MUS 111 Study Guide F (Chapter 6)

The Subdomiant Triad

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  1. Spelling the subdominant triad:  root is built on the fourth scale step of the key. In a major key, the triad is major. In minor it is "usually" minor, but not always. When melodic considerations require the use of the raised sixth scale degree (melodic minor), the chord becomes major.
  1. Plagal cadences:  Like the dominant triad, the subdominant triad can also be used during the course of a phrase and also as part of a cadential progression.  A cadence from the subdominant chord to the tonic is known as a plagal cadence, and may be found in the same forms as authentic cadences (perfect or imperfect).
  1. Perfect Plagal:  The progression IV-I or iv-i in which the subdominant has its root in the bass and the final tonic triad has its root in both the bass and soprano.
  1. Imperfect Plagal: The progression IV-I or iv-i in which the final tonic triad is found with its third or fifth in the soprano. (The commonly used soprano lines are scale degrees 6-5, 4-3 and 1 up to 3.)
  1. Half Cadence:  A rare cadence such as I-IV or i-iv. The only justification for labeling it as a "half" cadence is that the intervals of the fifth and fourth are inversions of each other.
  1. An easy way to remember the sound of the plagal cadence is that it is used as the "Amen" cadence at the end of hymns.
  1. IV or iv in other progressions:  The subdominant triad may progress freely to or from the tonic or dominant.
  1. When the authentic cadence is preceded by the subdominant in the progression IV-V-I, or iv-V-i, the term full cadence is sometimes applied.
  1. The tonic, dominant and subdominant chords are widely used in the harmonization of folk and popular tunes. They are sometimes referred to as primary chords.
  1. Writing the progression IV-I or iv-i:  Since the roots of the IV and I triads are a fifth (or fourth, in inversion) apart, the part-writing procedures are the same as for V-I re common tones, third-to-third skip, etc.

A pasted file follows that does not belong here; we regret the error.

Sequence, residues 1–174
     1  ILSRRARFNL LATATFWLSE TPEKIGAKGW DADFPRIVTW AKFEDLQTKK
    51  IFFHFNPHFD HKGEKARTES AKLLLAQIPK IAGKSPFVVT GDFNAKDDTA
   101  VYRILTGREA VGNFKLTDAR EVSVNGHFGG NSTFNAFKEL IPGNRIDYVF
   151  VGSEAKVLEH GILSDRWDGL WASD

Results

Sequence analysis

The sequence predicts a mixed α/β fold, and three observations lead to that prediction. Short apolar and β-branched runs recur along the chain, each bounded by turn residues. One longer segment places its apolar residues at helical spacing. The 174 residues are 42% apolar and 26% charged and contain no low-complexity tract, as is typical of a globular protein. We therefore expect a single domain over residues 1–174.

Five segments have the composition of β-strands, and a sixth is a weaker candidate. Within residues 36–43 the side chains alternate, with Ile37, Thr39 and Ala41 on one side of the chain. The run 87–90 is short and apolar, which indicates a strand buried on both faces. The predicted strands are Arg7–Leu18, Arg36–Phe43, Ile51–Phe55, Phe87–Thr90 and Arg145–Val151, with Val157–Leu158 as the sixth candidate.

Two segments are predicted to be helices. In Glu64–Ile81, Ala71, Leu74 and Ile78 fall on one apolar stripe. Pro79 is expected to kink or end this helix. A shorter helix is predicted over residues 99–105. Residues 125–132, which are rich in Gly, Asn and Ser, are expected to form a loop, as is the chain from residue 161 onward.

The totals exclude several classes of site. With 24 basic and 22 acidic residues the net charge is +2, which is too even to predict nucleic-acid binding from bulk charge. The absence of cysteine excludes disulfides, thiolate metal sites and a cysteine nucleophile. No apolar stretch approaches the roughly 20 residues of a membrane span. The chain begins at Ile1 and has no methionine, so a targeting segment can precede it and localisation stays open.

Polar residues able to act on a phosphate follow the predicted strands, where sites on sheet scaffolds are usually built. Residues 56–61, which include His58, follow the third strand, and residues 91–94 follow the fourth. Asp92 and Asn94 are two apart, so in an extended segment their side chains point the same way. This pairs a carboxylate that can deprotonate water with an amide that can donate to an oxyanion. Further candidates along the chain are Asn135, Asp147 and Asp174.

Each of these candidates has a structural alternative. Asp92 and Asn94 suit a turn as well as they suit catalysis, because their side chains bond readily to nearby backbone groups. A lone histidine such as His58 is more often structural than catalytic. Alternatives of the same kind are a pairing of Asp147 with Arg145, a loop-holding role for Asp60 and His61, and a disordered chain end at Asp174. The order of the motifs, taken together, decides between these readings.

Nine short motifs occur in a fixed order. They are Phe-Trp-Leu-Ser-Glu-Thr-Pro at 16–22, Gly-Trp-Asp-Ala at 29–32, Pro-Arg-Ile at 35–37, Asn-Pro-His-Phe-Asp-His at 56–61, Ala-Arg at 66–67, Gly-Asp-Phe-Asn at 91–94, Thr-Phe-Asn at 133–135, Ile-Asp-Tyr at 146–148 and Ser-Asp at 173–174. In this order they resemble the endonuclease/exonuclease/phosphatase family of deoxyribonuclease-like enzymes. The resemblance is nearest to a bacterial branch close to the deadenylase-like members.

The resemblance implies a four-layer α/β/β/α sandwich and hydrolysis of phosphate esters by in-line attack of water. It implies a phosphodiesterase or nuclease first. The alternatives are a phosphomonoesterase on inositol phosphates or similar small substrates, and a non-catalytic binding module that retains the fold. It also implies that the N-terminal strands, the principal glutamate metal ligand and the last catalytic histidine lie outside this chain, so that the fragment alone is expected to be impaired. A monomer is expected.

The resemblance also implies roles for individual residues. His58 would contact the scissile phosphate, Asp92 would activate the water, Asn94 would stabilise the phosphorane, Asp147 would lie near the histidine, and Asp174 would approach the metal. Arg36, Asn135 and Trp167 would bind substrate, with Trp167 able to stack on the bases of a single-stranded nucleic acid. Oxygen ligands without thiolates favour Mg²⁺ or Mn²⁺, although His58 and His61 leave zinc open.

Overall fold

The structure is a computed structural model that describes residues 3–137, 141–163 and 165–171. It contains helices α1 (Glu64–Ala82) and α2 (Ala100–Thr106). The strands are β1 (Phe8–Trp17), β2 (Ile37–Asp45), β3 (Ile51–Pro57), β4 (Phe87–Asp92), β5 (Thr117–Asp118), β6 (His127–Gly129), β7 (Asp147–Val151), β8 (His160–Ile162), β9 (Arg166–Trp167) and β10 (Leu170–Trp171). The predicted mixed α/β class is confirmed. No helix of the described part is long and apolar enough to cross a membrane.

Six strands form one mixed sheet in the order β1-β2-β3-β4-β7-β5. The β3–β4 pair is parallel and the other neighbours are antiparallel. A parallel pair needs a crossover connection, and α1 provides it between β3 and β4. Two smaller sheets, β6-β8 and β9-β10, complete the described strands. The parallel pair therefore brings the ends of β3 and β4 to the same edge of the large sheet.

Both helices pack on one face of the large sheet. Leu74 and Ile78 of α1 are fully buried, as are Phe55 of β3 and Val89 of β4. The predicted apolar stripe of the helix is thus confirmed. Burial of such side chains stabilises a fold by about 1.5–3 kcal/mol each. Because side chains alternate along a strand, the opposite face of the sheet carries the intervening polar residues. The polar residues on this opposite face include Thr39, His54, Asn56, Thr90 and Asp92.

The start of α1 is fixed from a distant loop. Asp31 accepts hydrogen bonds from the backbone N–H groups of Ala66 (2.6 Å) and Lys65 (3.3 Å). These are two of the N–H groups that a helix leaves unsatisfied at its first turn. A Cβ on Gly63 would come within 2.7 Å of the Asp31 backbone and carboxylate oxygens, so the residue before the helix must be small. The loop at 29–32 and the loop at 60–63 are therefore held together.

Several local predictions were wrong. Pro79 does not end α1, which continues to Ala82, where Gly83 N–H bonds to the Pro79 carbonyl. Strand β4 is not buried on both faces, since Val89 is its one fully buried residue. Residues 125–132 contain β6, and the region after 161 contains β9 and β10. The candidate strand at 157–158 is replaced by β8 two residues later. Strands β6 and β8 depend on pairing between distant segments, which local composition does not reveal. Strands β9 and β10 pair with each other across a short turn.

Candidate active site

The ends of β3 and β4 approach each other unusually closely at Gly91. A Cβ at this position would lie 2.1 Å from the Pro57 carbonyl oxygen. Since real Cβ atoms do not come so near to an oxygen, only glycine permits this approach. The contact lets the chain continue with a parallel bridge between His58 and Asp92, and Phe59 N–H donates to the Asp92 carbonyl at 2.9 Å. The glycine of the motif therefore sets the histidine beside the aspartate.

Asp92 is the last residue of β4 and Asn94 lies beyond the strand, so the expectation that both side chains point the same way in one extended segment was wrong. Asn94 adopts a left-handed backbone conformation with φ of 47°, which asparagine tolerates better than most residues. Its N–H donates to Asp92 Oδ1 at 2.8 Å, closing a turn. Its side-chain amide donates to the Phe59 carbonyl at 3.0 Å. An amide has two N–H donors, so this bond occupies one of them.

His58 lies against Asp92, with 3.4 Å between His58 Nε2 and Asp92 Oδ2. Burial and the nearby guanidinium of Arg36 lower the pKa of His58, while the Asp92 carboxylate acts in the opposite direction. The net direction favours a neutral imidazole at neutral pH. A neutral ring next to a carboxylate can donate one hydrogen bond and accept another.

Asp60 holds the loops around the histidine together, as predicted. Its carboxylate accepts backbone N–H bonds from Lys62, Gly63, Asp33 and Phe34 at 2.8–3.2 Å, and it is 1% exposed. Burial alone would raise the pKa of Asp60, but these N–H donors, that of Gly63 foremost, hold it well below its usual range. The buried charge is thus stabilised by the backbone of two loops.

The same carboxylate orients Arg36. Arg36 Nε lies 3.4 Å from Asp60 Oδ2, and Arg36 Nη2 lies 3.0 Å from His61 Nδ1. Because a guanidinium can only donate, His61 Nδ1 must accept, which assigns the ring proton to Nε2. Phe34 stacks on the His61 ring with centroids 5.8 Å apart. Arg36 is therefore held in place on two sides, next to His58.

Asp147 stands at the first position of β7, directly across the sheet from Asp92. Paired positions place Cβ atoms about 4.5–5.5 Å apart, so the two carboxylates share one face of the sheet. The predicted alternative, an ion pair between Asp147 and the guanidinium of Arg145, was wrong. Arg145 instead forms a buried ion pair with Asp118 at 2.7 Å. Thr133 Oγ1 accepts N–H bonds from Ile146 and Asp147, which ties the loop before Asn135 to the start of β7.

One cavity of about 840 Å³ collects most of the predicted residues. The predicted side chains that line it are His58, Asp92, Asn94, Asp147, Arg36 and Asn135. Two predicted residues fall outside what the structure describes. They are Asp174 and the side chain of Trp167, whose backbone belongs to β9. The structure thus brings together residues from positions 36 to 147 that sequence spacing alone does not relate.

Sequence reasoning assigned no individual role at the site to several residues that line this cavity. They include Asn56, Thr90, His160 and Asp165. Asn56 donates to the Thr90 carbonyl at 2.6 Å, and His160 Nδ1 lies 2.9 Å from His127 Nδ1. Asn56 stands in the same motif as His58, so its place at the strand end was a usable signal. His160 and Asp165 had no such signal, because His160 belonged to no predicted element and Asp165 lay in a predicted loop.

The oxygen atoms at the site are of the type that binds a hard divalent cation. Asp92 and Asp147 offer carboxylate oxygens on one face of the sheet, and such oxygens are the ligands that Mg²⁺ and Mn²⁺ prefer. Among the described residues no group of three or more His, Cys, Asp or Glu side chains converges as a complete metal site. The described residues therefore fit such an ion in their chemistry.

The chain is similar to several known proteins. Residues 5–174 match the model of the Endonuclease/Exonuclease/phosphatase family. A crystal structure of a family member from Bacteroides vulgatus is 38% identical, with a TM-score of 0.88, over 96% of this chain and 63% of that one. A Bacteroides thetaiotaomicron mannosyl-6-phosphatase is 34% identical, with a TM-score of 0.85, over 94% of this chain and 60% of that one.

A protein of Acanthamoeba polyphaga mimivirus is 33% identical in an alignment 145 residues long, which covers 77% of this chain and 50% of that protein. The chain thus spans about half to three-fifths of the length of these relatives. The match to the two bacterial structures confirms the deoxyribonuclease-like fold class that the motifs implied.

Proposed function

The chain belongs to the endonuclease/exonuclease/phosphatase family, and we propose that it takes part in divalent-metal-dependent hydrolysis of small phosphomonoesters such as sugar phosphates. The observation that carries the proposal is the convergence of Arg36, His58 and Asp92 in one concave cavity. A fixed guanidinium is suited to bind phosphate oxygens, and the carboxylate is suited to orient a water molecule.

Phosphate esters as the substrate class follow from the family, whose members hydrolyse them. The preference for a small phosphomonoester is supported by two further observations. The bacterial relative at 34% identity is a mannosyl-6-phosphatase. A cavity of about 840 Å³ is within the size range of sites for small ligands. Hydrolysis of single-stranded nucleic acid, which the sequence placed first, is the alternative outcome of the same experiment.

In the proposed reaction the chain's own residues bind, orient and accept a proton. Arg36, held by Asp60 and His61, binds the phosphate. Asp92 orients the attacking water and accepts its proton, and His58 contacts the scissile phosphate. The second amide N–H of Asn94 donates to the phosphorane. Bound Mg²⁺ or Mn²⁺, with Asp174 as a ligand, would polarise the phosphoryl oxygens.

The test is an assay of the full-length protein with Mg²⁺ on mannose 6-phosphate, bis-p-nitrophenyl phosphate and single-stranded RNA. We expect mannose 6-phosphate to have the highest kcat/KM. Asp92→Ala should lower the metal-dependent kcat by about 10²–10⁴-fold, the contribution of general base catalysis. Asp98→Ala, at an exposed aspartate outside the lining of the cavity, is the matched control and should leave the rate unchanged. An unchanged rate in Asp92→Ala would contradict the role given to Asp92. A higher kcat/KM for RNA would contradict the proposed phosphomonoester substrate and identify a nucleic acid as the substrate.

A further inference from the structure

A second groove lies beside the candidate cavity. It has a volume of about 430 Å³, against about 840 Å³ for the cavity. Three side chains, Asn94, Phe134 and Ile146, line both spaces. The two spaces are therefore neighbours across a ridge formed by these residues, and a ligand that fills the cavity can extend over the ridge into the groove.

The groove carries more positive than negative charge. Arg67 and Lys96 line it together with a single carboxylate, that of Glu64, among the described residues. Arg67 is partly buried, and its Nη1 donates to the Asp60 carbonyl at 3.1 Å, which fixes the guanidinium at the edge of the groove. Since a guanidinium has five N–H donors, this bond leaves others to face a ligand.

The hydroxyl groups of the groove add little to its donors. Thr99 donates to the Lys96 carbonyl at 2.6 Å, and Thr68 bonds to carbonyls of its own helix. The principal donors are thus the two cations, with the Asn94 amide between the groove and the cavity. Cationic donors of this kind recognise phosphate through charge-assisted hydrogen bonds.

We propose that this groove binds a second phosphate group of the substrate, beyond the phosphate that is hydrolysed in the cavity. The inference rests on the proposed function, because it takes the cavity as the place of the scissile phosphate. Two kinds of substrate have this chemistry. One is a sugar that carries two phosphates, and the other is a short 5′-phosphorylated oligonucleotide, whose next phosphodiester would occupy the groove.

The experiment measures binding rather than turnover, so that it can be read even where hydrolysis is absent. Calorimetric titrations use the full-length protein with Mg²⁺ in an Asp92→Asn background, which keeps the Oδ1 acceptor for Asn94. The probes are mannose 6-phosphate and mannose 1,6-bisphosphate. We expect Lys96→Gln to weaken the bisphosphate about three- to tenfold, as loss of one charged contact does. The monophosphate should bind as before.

1. Writing the progression IV-V or iv-V:  When the roots of two triads are a second apart, as in IV-V, no common tone is available. The common practice is for each of the three upper voices to move to the nearest triad tone in contrary motion to the bass.  In that the bass ascends in IV-V, the soprano should normally descend to avoid parallel motion.
  1. Parallel Fifths and Octaves & the melodic augmented second:  these are three part-writing problems to avoid.  Parallel fifths and octaves can occur between any two voices and are sometimes easy to overlook ... be forewarned.  (There is nothing innately wrong with these parallelisms, however, they were not found in works of the common practice period and are to be avoided.  Later composers used these parallelisms effectively.)  Incidentally, a repetition of two consecutive fifths or octaves on the same pitches is not considered parallel, but stationary, so no prob there.  Attempting to hide parallel octaves or fifths by dropping one voice an octave does not solve the problem; the intervallic motion is still considered parallel.  The permissible exception to this guideline would be in a final cadence where, for example, the soprano and bass are on the root of the V chord and both move in contrary motion to the root of the I chord.

The melodic augmented second occurs in a minor key with the scale motion b6-#7, which, again, is uncharacteristic of the common practice period.

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